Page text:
Now this article is not about blaming others it’s about me taking full responsibility for the way I was feeling and letting it affect my golf – In taking full responsibility for my inner control freak I sat down after the game and tried to look at the signs and see if by sharing them I can help any other golfers out there who may struggle with their control freak on the golf course.
In review the following were the signs…
First came the over analyzing of shots before I played them or talking too much about them afterwards (as if anyone cares).
Second the outward expressions of anger and frustration – which is quite rare for me when I play golf.
Then came blaming: the group behind, the group in front and even my own group for the slowness of play – I noticed this because even a general conversation that took a bit longer than it should would trigger my impatience.
Then the poor golf performance with the pulling of drives and over steering of approach shots.
Would you believe next came the unique ideas to break away from the groups behind and in front and that I was playing with (as if I am some important golfer) – Maybe we tell our member we are only playing 9 holes? Maybe we say we like to play the back nine by ourselves? Maybe we stop for lunch and hope he plays on and …Maybe the group behind will have passed by that stage too?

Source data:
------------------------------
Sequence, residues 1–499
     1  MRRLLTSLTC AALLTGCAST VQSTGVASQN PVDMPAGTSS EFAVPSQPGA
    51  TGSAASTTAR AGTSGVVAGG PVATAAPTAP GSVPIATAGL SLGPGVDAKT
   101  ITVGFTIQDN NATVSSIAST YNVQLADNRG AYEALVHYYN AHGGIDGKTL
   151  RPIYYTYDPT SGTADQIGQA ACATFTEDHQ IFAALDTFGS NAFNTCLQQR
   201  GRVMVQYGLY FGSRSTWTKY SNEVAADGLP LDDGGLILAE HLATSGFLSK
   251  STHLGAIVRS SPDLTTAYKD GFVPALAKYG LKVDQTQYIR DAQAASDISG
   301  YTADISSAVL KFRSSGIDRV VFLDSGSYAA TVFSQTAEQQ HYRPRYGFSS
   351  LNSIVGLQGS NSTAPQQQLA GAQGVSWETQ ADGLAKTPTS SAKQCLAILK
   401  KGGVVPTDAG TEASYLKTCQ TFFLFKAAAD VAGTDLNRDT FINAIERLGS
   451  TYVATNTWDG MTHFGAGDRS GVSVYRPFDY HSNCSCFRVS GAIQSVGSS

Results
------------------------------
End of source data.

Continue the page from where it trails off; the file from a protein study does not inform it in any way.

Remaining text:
And then finally came resignation – although this only happened on the 17th hole after I put my tee off into the water – it’s funny at this point I tried to convince myself that it didn’t matter and that atleast we were out here playing golf and having fun. I abandoned my pre shot routine and just swung randomly at the ball as if the outcome did not matter. But still the internal disappointment and frustration did not disappear.
Call me a slow learner but here’s what I was reminded of playing golf today.
Golf is a game of flow and if I am not in it, the lack of it will show up very quickly in my game. Therefore as soon as I notice the warning signs (usually anger and frustration) I need to remind myself to bring myself back to the present moment.
The best way I know to do this is to take a look around and really appreciate the beauty of the environment and the fact that I am privileged enough to be playing such a great game while others are slaving away in the office – this very quickly allows me to relax and realize that playing off a ten handicap – golf is not life or death for me.
I don’t know if I like my control freak – sure he serves a purpose if I am in danger but somehow I don’t think the incredibly picturesque Kooindah Waters on the most beautiful day of the year is life threatening.
Get out of your head controller and back into your heart. That’s why you started playing this game in the first place!
Happy Birthday “Mirror”!
Andrew “Mirror” McCombe www.GolfGetaway.com.au